Continued Expansion of the British Empire

Even after the settlement of 1818 , some parts of the subcontinent�remained out of British control. These included the Himalayan�states to the north, the valley and hill tracts of Assam to the�east, and a block of territory in the northwest covering the�Indus valley, the Punjab, and Kashmir. To the south Ceylon was�already occupied by the British, but to the east the kingdom of�Burma straddled the Irrawaddy River.

The Himalayan states included Nepal ruled by the Gurkhas,�as well as Bhutan, and Sikkim. Nepal and Bhutan remained�nominally independent throughout the British period, though�both eventually became British protectorates-Nepal in 1815�and Bhutan in 1866. Sikkim came under British protection in�1890; earlier it had ceded the hill station of Darjeeling to the�British. The British claimed that they were forced to take the�valley and hill tracts of Assam under protection in order to save�them from attack by Burmese. Beginning in 1836, the Indian tea�plant was cultivated in this region, after the failure of Chinese�imported ones, and thus the foundations of the great Indian tea�industry were laid.

In the early 19th century the Burmese were in an aggressive�mood, having defeated the Thais (1768) and subjected Arakan�and hill states on either side of the river valleys. Attacks on�British protected territory in 1824 started the First AngloBurmese War (1824-1826), which, though mismanaged, led�to the British annexation of the coastal strips of Arakan and�Tenasserim in 1826. The Second Anglo-Burmese War (1852)�was caused by disputes between merchants (trading in rice and�teak timber) and the Rangoon governor. The Governor-General,�Lord Dalhousie, intervened, annexing the maritime province�of Pegu with the port of Rangoon in a campaign-this time�well-managed and economical. Commercial imperialism was�the motive for this campaign.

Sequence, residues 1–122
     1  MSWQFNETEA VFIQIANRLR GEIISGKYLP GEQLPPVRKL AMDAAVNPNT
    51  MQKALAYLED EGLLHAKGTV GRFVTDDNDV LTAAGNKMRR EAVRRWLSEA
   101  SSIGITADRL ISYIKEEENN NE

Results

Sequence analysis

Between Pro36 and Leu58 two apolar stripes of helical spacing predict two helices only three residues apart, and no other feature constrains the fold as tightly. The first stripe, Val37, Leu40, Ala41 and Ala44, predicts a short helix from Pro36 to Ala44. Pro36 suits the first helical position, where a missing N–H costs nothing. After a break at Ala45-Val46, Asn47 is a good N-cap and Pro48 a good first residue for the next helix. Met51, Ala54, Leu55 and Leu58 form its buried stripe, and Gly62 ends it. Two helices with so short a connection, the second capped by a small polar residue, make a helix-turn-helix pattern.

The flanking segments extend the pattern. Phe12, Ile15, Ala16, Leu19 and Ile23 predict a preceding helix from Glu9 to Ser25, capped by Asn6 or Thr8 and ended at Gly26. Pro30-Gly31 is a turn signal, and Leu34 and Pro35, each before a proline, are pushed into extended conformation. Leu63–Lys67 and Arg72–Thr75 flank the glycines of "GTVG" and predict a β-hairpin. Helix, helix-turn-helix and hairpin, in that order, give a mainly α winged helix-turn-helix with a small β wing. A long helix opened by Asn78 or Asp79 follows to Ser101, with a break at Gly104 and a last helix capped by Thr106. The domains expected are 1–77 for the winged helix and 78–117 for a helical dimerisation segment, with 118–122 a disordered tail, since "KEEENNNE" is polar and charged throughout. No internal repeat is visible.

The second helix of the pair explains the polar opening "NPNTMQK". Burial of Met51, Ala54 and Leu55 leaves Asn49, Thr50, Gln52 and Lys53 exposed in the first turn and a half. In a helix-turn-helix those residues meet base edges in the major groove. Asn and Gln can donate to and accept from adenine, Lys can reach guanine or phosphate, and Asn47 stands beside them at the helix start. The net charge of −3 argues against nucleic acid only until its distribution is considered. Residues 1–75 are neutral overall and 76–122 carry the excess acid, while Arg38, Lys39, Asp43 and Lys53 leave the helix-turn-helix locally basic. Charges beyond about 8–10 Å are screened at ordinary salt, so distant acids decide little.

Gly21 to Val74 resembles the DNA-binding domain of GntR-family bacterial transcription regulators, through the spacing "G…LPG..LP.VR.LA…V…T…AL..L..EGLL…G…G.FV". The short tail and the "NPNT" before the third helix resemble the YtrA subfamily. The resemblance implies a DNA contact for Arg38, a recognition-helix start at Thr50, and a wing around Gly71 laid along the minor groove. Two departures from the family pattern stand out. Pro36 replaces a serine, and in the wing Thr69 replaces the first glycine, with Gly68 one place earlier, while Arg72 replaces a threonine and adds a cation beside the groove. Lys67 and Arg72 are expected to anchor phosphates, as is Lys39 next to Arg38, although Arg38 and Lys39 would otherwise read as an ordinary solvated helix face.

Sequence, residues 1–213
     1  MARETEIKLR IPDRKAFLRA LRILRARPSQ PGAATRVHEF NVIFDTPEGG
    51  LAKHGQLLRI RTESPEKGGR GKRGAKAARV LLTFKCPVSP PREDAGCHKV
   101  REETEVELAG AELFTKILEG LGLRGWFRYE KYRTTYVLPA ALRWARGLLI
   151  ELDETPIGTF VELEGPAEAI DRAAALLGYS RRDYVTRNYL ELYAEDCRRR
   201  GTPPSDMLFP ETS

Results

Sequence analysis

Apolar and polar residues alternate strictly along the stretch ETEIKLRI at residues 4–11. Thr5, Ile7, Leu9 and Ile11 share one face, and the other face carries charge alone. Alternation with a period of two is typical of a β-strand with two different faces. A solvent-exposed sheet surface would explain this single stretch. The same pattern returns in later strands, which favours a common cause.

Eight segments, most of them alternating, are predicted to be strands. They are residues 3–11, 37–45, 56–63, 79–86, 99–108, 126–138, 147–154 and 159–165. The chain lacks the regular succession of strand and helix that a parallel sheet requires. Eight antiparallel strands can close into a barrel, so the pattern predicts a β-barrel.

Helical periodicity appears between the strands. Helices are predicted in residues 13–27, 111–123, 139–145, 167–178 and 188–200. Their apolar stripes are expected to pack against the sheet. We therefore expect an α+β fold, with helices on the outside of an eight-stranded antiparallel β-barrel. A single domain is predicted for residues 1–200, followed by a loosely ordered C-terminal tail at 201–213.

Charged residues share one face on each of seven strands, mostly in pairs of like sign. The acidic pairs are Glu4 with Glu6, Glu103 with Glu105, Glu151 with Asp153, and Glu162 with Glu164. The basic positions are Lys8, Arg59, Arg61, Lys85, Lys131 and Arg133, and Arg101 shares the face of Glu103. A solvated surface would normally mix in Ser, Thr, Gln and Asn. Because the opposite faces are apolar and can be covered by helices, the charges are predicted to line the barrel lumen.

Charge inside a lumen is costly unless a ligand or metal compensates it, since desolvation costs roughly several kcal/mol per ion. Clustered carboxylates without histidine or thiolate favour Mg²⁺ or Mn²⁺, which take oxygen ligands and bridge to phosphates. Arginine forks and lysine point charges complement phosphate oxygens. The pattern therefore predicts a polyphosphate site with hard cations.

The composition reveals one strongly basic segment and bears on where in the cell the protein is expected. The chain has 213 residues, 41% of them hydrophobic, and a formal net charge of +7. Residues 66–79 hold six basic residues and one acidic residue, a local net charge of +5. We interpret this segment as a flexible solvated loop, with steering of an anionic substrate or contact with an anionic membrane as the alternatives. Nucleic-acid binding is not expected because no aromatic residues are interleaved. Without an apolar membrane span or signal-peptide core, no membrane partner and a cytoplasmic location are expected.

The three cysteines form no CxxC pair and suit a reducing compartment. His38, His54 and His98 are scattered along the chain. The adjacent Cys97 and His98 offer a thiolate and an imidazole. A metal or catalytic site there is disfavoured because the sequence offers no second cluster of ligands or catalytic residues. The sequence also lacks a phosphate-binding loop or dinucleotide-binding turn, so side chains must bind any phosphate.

The North Western Region

To the northwest, British India was bounded by the Sikh�kingdom of Ranjit Singh, who added the vale of Kashmir and�Peshawar to his state in 1819. Beyond Punjab the situation was�confused, with the Afghan monarchy in dissolution and its�lands parcelled between several chiefs, and Sind, controlled by�a group of emirs, or chiefs. British indifference changed to action�in the 1830s, owing to the reported advance of Russia in central�Asia and to that nation’s diplomatic fight with the then British�Foreign Secretary Lord Palmerston (who later also served as�Prime Minister) regarding its influence in Turkey. Afghanistan�was seen as a point from which Russia could threaten British�India or Britain could embarrass Russia. When Lord Auckland�was sent as governor-general in 1836, he was tasked with taking�steps to forestall the Russians.

Anglo Afghan War

This situation led to the Afghan adventure�and the First Anglo-Afghan War (1838-1842). The method�adopted was to restore Shah Shoja, the exiled Afghan king,�then living in the Punjab, by ousting the ruler of Kabul, Dust�Muhammad. Ranjit Singh cooperated in the enterprise but�cleverly avoided any military commitment, leaving the British�to bear the whole burden. The route of invasion lay through�Sind, because of Sikh occupation of the Punjab.�The emirs’treaty of 1832 with the British was brushed aside,�and Sind was forced to pay arrears of tribute to Shah Shoja. At�first things went well, with victories and the occupation of Kabul�in 1839. But the British found that Shah Shoja was too unpopular�to rule the country independently; the British restoring force�thus became a foreign occupying army-detested by the libertyloving Afghans-and was regularly engaged in putting down�sporadic tribal revolts. After two years a general revolt in the�autumn of 1841 overwhelmed and virtually annihilated the�retreating British garrison. Meanwhile, the Russian menace in�Eastern Europe had receded.